Saturday, April 06, 2013

"Stupefied" / Robyn Hitchcock

Listening to Robyn Hitchcock is a pretty fair way to feel high without have to smoke or snort anything. There's always something deliciously off-kilter about his music, from the Rimbaud-like imagist lyrics to the tripping syncopations to the crunchy snarls of dissonance. It never fails to give me a kick. 

With most artists, I listen to a new album hunting for themes, biographical tidbits, a new musical direction. None of those criteria matter with a new Robyn Hitchcock album. Is Love From London any more "about" London than any of his previous albums? No. It's not particularly about London at all, apart from one song -- "Strawberries Dress" (Robyn Hitchcock writes a lot about strawberries) -- that begins by mentioning the Telecom Tower. The lyrics are more stream-of-consciousness than self-expression, and the sound -- as always -- can only be described as the idiosyncratic Robyn Hitchcock sound, a freeform blend of folk and rock and jazz full of insidious melody.

Here's track three, "Stupefied." As you listen, tell me -- whom does it remind you of?

I've always known that Robyn Hitchcock was a huge John Lennon fan, but I never thought he sounded particularly like Lennon until this song.  I'm thinking of the later Lennon, the post-Mind Games Lennon, after he rediscovered joy and melody. (I've always given Harry Nilsson credit for that.)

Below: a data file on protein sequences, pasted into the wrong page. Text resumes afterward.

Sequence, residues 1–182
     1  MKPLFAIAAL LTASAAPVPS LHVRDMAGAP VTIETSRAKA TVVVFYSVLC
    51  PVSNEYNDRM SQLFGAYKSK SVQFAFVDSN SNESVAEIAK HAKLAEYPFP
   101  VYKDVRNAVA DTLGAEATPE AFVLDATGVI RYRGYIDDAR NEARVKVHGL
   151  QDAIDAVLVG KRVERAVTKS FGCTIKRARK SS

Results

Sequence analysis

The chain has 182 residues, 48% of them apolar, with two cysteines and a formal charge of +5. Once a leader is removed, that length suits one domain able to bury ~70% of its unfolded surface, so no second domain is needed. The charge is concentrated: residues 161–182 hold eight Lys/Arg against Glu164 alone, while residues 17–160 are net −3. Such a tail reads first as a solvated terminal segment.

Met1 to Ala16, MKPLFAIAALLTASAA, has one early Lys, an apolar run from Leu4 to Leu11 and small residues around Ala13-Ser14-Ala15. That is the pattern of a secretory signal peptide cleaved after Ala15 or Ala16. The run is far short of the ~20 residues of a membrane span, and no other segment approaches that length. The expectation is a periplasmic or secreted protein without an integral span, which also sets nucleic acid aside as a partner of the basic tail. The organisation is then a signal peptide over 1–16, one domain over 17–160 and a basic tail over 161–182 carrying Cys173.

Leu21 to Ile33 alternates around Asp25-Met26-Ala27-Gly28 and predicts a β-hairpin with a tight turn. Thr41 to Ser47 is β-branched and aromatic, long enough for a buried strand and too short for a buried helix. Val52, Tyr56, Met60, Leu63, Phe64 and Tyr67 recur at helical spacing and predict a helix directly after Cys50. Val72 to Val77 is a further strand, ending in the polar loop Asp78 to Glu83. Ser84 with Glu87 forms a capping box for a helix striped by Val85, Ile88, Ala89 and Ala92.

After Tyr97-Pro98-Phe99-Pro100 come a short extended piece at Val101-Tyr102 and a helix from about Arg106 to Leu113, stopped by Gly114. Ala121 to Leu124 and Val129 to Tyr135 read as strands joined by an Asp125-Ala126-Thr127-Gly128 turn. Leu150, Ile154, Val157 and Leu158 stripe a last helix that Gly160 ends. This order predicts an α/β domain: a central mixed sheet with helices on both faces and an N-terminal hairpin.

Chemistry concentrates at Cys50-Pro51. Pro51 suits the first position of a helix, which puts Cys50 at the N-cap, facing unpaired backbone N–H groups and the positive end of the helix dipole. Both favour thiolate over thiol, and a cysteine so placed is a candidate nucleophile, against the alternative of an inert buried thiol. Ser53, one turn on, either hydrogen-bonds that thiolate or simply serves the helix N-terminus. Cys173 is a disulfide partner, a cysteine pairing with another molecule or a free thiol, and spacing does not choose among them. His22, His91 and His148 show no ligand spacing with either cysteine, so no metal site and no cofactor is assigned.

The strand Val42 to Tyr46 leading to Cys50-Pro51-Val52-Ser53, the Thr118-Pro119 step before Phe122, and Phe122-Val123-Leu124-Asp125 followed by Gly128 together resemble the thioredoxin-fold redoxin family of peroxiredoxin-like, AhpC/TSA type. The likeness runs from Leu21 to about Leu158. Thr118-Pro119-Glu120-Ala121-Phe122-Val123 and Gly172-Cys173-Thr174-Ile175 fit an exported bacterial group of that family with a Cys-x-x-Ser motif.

Maybe it's the piano accompaniment -- those plunky modulations -- or the light-fingered percussion skipping behind it. Then there's the chromatic melodies, the unresolved chords at the end of lines, and the way he sings just slightly against the beat.

But most of all, it's the lyrics, a series of absurdist koans that Lennon himself would have enjoyed. "Ain't no money on the ceiling / Ain't no ceiling on the floor," Robyn begins, suggesting a sense of dislocation that works perfectly with the next lines: "Got that terrifying feeling / You don't love me any more." I love how the verse's melody scrabbles around among a few close-together notes, conveying the boxed-in feeling of this beleaguered guy.

In the next verse, desperate for some comfort, he ruefully informs us, "Ain't no whisky in the Talbot," which according to Wikipedia probably means a rare brand of automobile, though it could also be a lunar crater or an obscure type of railway wagon (Robyn Hitchcock also loves trains). "Ain't no sugar in your tea," he adds, as if shaking his head morosely along with that loungy beat. "There's an answer to it all but / You're still mystifying me." Well, that makes two of us.

Perhaps the answer lies in the refrain, as he soars up into a Lennon-like nasal falsetto: "You wanna get [off beat] hi-ii-iigh." Letting loose with that sustained high note really feels like escape, doesn't it?  First time around, he continues, "But you don't know just why"; by the third refrain, he tells us, "and by now you know why." So it's the second refrain that's the heart of the song:

     You wanna get high,
     It's in the blood supply
    And time'll go by
    Like a neuron in the sky

Don't you know just what this feels like?

Verse three is my personal favorite. "Ain't no honey back in Norway / Ain't no kroner in your pants / Must have blown it in the doorway / On those sugar-coated ants." Maybe these are lazy, opportunistic rhymes, but I prefer to see them as evocative word associations -- the honey with the sugar, the Norway with the kroner, and of course ants, another of Hitchcock's insect fascinations. You've gotta love the way his voice swoops on "pants," which is of course inherently one of the funniest words there is.